The legal consent of your mother's parents for transfer of custody probably involved some legal proceedings before a court of jurisdiction. Such a proceeding was probably handled in either the county superior court or perhaps the probate court. If no adoption was formally undertaken, then at the death of your grandmother, the disposition of her estate might have required either a petition for administration (no will) listing all of her heirs at law which would have included your mother, or a petition for probate (to prove a will) which also required listing to the court in such a petition all of the heirs at law, and again, your mother might have been listed.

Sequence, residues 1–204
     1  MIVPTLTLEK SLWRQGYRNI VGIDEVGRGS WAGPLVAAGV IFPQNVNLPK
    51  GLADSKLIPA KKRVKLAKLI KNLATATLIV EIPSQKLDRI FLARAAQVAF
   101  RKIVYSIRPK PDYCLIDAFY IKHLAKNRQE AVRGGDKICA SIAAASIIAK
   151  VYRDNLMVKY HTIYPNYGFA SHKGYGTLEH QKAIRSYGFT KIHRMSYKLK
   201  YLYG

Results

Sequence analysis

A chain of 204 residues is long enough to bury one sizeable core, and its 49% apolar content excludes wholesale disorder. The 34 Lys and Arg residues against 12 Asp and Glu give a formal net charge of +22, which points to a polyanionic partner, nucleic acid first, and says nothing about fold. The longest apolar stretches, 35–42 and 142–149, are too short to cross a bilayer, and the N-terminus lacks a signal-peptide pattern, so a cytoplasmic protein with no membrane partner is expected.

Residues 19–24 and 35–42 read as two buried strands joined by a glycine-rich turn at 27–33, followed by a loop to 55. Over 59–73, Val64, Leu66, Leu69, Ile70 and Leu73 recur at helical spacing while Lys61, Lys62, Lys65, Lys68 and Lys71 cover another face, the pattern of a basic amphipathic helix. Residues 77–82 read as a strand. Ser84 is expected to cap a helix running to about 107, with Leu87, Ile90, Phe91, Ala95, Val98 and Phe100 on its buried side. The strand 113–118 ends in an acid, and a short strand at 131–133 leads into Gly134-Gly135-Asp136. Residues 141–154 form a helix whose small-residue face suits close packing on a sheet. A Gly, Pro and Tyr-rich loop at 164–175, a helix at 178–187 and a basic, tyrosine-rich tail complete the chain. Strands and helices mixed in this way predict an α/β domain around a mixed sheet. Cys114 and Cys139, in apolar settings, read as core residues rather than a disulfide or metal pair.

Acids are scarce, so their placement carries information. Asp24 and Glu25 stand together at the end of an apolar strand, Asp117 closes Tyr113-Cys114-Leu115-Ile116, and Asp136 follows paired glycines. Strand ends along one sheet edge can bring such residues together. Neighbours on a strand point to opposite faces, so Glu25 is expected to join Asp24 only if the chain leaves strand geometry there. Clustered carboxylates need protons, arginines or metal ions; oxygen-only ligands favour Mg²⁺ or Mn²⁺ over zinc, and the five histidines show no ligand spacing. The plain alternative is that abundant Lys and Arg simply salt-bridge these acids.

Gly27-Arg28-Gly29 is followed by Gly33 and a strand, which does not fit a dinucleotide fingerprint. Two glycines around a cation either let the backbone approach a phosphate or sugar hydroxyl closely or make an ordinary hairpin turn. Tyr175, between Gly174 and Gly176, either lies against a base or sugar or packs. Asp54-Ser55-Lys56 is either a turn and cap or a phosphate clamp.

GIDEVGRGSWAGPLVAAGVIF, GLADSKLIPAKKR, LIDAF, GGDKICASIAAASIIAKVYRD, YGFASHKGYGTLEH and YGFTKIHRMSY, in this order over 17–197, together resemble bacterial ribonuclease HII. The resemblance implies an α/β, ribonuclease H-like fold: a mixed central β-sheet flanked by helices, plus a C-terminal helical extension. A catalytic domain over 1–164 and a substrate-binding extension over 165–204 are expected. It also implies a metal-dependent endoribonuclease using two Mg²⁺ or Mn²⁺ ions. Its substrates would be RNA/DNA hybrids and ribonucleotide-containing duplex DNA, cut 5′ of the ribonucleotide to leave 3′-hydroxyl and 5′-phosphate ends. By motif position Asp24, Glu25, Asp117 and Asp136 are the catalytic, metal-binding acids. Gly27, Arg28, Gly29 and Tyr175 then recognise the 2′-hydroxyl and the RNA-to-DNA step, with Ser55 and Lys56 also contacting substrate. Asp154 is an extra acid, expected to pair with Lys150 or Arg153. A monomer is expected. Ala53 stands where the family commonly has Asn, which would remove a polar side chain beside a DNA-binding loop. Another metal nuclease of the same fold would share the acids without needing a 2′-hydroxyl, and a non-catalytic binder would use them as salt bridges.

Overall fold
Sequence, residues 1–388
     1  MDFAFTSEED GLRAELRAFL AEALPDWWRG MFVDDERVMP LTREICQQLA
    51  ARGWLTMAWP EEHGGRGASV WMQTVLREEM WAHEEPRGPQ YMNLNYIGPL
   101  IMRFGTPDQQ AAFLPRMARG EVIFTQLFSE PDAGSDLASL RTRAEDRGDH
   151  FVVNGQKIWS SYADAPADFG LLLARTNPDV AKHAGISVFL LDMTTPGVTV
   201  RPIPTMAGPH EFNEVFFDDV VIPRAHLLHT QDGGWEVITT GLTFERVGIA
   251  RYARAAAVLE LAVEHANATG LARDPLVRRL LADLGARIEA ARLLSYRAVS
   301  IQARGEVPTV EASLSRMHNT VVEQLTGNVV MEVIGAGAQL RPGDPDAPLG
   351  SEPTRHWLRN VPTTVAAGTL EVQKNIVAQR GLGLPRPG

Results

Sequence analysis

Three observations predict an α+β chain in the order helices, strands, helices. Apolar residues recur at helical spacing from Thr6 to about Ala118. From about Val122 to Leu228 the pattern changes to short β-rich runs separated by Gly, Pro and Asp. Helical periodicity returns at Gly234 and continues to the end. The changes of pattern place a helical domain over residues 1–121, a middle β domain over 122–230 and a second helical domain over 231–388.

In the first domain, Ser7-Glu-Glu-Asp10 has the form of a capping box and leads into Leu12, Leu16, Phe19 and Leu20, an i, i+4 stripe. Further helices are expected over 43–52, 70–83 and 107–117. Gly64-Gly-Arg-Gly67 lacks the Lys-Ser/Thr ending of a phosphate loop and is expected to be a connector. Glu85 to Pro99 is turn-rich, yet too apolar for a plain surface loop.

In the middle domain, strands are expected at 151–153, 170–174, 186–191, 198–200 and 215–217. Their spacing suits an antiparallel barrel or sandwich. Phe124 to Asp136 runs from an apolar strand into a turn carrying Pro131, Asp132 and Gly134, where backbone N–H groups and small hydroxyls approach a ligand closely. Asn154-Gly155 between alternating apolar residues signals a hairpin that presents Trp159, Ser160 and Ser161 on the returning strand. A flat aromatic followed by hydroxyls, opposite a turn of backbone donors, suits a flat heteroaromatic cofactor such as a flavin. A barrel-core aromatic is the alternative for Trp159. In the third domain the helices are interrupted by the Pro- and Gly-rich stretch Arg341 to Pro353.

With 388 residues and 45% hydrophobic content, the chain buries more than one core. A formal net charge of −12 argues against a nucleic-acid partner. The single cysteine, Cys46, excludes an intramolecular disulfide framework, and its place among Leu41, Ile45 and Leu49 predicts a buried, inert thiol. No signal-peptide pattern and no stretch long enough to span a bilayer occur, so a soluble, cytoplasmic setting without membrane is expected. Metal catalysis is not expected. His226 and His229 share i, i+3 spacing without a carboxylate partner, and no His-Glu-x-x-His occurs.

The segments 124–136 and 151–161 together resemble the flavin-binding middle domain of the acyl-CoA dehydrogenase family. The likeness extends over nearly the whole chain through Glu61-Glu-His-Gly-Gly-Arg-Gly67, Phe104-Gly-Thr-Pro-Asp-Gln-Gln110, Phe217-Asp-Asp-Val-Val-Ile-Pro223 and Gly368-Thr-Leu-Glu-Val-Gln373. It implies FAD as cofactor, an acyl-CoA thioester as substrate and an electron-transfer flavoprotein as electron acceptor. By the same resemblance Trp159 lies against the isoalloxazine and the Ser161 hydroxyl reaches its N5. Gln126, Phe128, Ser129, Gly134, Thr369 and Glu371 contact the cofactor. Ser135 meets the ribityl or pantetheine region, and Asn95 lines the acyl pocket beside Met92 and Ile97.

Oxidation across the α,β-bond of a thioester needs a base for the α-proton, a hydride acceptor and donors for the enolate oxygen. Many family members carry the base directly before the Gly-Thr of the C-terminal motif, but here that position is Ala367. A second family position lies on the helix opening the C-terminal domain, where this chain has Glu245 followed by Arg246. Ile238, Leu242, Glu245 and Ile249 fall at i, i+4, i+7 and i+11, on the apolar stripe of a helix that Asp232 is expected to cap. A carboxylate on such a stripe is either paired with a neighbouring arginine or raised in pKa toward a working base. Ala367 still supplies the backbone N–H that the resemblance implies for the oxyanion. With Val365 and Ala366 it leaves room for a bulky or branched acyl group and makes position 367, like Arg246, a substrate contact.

You may also consider obtaining a copy of your mother's death certificate which normally would have listed her place of birth and parents and date and place of death, and where her remains were interred, which might be in a family cemetery among other relatives. Good luck to you.
You should also know that Allaire is one of the surnames under study as part of the "Canadian Anuism" study of those whose ancestors might include Jews expelled from Spain around 1642 who settled in France and were forced to become Christian. World Family DNA is now conducting that study.
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